To effectuate that purpose, HB 3485 added new sections to both Texas Government Code Chapter 2251 (prompt payment act for public projects) and Texas Property Code Chapter 28 (prompt payment act for private projects). As with existing prompt payment laws, the new protections in HB 3485 are not waivable, meaning that any contractual agreement purporting to waive the statutory rights afforded by HB 3485 are void as a matter of law. Tex. Gov’t Code § 2251.004; Tex. Prop. Code § 28.006 (with a limited exception for certain residential projects). For example, if an owner attempts to enforce AIA A201-2017 § 18.104.22.168 to compel a contractor to immediately proceed with added critical-path work totaling over 15% of the contract value without a fully executed change order, § 22.214.171.124 is void if enforced in a manner that would negate the contractor’s statutory right to refuse to perform that work.
Given the potential far-reaching implications of this law, it’s likely that implementation is going to be unpredictable in the near term, potentially resulting in unintended consequences. Primarily, HB 3485 has the potential to materially negate an established procedure in many form construction contracts, and it will take time for the industry to adapt accordingly. As with any other material change to existing workflows, this is bound to create misunderstandings and headaches.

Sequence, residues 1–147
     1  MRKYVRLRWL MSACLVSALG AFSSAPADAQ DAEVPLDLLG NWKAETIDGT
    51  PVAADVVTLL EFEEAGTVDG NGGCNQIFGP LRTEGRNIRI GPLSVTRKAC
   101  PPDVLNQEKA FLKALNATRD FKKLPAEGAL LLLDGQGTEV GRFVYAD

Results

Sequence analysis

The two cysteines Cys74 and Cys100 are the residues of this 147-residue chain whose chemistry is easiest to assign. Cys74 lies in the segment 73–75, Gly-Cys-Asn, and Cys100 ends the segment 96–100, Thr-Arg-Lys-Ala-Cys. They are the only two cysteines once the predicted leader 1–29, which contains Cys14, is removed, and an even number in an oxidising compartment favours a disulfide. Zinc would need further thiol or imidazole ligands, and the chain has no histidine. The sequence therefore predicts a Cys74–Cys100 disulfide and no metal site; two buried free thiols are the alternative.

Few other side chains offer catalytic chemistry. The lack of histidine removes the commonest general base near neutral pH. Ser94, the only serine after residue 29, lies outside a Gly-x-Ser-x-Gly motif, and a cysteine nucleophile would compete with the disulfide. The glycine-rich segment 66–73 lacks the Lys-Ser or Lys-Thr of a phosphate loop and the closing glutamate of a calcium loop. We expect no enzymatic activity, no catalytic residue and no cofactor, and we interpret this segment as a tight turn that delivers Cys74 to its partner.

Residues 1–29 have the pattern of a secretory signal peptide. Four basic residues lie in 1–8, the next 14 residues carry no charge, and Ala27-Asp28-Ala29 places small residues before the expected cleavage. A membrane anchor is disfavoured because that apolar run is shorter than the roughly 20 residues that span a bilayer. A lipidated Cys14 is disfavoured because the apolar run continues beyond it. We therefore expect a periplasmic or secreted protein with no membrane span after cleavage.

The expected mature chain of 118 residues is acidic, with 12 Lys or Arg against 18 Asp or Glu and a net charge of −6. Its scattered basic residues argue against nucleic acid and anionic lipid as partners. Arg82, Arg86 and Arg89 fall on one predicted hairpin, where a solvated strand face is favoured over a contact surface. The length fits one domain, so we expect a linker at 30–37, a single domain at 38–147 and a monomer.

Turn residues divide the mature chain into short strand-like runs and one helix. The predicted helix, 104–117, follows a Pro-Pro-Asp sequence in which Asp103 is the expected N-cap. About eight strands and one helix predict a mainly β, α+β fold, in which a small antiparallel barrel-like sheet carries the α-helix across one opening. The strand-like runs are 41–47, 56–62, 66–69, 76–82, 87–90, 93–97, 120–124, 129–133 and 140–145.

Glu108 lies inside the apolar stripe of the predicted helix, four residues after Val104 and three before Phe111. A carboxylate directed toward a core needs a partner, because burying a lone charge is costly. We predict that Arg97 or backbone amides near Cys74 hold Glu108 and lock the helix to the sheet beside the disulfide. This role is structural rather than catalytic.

Further, the law seems to presume that a purely objective determination of change-order pricing exists, and that there is a completely neutral manner of drawing a bright-line distinction between a 9% change and a 10% change to the contract value. Given how change order pricing can seemingly change by the day depending on the overall project temperature, we know that no such neutral arbiter of costs exists, at least amongst the project participants. Rather, HB 3485 likely instead results in (1) owners having an incentive to keep proposed changes at or below 10% of the contract value, if possible, and (2) contractors having an incentive to price proposed changes over 10% of the contract value, if possible. On a troubled project, those incentives will quickly be at odds with each other.